82. bottom] CAPELL: This word should have a fuller stop after it, a semicolon; for the meaning of these lines, whose construction is a little perplex’d, is as follows: It stands to the west of this place, and down in the neighbour bottom; if you leave the rank of osiers, that grows by the brook-side, on your right hand, it will bring you to the place. [For many examples of noun compounds, see Abbott, S 430.]
83. ranke] See III, ii, 97.
90. fauour] MOBERLY: To favour is to resemble in Yorkshire even now (and here in this country also.-Ed.]. Hence it might be argued that favour' means resem. blance, and therefore countenance. It would, however, be more accurate to derive the verb from the substantive, as in the parallel phrase of the same dialect, you breed o’ me,' for you are like me. In that case 'favour' may perhaps be a corruption (by proximity) of 'feature' (saiture), which is similarly used as a verb (“ a glass that featur'd them'). Compare, for the vanishing of the t, 'vetulus' with vieil,' and 'em.
Like a ripe sister : the woman low
91 91. ripe fifter] right forester Lettsom, Steev. Mal. Sing. Clke, Ktly, Dyce iii, Huds.
Coll. iii. the] But the Ff, Rowe+, Cap. phyteusis’ with • (en)fief.' Wright: “Favour' is aspect, look; used generally of the face. Compare Macb. I, v, 73: “To alter favour ever is to fear.' And Hamlet, V, i, 214: · Let her paint an inch thick, to this favour she must come.'
90. bestowes] STEEVENS : Compare 2 Hen. IV: II, ii, 186: How might we see Falstaff bestow himself to-night in his true colours, and not ourselves be seen ?' Rev. JOHN HUNTER : I apprehend the meaning here to be, that by stuffing out his bosom, he gives himself the appearance of a girl of ripe age. [Schmidt supplies many examples where “bestow,' used reflectively, means to deport one's self.]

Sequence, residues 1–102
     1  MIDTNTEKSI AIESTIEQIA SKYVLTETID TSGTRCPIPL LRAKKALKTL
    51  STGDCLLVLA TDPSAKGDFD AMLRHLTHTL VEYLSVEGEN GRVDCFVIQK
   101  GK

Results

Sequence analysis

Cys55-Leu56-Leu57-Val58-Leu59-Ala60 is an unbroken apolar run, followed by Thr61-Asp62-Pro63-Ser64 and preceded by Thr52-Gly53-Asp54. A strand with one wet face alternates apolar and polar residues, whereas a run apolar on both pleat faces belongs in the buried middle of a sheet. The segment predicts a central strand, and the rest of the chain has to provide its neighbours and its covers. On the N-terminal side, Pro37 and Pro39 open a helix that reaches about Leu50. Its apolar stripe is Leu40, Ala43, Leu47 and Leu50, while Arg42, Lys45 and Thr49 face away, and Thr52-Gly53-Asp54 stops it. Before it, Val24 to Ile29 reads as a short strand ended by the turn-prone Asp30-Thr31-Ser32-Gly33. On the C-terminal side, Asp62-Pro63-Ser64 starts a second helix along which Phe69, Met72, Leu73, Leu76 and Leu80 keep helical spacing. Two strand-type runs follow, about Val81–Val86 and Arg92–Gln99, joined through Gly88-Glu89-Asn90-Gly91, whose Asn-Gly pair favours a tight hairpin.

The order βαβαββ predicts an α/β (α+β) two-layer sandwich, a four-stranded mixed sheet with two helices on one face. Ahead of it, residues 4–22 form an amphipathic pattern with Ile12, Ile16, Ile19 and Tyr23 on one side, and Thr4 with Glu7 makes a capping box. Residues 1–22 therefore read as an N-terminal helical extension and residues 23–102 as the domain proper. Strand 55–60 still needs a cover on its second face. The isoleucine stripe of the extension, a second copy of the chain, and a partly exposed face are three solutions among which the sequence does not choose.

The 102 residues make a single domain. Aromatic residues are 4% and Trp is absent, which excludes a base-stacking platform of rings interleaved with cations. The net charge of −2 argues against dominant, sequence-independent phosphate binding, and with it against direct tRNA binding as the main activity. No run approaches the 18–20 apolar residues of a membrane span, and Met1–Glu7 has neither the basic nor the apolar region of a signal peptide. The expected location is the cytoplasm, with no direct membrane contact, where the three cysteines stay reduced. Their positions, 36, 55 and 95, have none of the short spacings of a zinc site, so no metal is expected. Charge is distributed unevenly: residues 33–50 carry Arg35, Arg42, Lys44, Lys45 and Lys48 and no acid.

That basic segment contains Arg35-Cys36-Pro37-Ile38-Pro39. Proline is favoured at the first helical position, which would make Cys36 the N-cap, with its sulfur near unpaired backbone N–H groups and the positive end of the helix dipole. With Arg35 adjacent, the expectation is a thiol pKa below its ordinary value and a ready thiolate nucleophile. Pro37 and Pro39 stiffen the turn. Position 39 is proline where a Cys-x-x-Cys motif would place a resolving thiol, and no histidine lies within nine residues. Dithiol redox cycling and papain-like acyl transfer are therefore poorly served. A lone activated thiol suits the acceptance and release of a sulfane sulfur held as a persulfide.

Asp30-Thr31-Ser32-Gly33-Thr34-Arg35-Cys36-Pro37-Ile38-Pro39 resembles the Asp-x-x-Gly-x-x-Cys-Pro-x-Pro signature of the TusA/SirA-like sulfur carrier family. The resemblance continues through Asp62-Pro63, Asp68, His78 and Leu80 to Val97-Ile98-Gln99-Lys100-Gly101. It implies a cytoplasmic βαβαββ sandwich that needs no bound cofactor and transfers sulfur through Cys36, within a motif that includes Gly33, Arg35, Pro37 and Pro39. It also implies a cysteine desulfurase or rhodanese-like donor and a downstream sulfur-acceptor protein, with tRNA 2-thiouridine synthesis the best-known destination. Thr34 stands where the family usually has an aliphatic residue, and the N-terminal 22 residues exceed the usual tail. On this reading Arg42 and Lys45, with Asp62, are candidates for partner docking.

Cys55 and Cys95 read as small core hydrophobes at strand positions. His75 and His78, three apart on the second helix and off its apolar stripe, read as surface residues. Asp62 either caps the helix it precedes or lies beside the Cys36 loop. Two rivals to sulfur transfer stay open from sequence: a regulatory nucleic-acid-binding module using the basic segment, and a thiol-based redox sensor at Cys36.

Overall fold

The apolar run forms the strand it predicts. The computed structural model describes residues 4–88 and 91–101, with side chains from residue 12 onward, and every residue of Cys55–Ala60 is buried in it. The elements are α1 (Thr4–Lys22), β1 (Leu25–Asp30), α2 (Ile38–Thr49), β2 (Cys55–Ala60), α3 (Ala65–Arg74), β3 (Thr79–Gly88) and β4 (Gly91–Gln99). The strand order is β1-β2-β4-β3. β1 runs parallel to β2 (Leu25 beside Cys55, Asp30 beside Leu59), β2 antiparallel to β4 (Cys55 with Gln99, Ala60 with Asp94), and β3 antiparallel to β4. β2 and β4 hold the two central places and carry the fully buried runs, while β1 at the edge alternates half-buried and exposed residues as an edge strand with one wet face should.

91. ripe sister] WALKER (Vers. 209): 'A ripe sister' seems an odd expression. LETTSOM [in a foot-note to Walker]: Odd, no doubt, and it is not less odd that nobody, as far as I know, made this remark before. "Ripe sister' seems corrupted from right forester. This last word was often written forster and foster. Perhaps, too, the first and' has usurped the place of but. The F, reads: ‘Like a ripe sister: But the woman low,' &c. So in Macb. I, vii, the same edition has: 'And dasht the Branes out, had I but so sworne,' &c. But, in both these passages, is a crutch furnished by the compassionate editor to assist the lameness of the metre. In Macbeth the idiom of our language, as well as the harmony of the verse, seems to require us to read : ‘And dash'd the brains on't out, had I so sworn,' &c. DYCE (ed. iii) pronounces this emendation of Lettsom's 'most ingenious,' a commendation by no means too strong. "A ripe sister,' not only as a phrase by itself, but as applied to a young man or even to a 'boy,' seems to be not merely odd, but almost unintelligible, and until something better is proposed Lettsom's right forester holds, for me, pre-eminent rank. But, on the other hand, WRIGHT, our highest Shakespearian authority now living, accepts the present text, and says: “The meaning must be that Rosalind, though in male attire and acting the part of a brother, was in her behaviour to Celia more like an elder sister.' See also Hunter's explanation in the preceding note.-Ed.